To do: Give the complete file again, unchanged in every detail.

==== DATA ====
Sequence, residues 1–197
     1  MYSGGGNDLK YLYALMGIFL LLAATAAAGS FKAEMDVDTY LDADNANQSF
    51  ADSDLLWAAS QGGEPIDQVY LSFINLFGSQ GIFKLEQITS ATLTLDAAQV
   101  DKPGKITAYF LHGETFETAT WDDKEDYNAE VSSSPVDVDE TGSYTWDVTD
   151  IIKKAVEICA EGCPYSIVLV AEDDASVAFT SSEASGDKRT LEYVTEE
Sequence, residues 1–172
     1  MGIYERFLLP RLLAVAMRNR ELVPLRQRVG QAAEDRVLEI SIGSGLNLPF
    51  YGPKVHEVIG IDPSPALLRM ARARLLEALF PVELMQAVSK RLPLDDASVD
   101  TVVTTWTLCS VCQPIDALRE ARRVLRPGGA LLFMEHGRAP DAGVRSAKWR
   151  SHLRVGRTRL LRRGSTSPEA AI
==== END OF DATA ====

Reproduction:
Sequence, residues 1–197
     1  MYSGGGNDLK YLYALMGIFL LLAATAAAGS FKAEMDVDTY LDADNANQSF
    51  ADSDLLWAAS QGGEPIDQVY LSFINLFGSQ GIFKLEQITS ATLTLDAAQV
   101  DKPGKITAYF LHGETFETAT WDDKEDYNAE VSSSPVDVDE TGSYTWDVTD
   151  IIKKAVEICA EGCPYSIVLV AEDDASVAFT SSEASGDKRT LEYVTEE
Sequence, residues 1–172
     1  MGIYERFLLP RLLAVAMRNR ELVPLRQRVG QAAEDRVLEI SIGSGLNLPF
    51  YGPKVHEVIG IDPSPALLRM ARARLLEALF PVELMQAVSK RLPLDDASVD
   101  TVVTTWTLCS VCQPIDALRE ARRVLRPGGA LLFMEHGRAP DAGVRSAKWR
   151  SHLRVGRTRL LRRGSTSPEA AI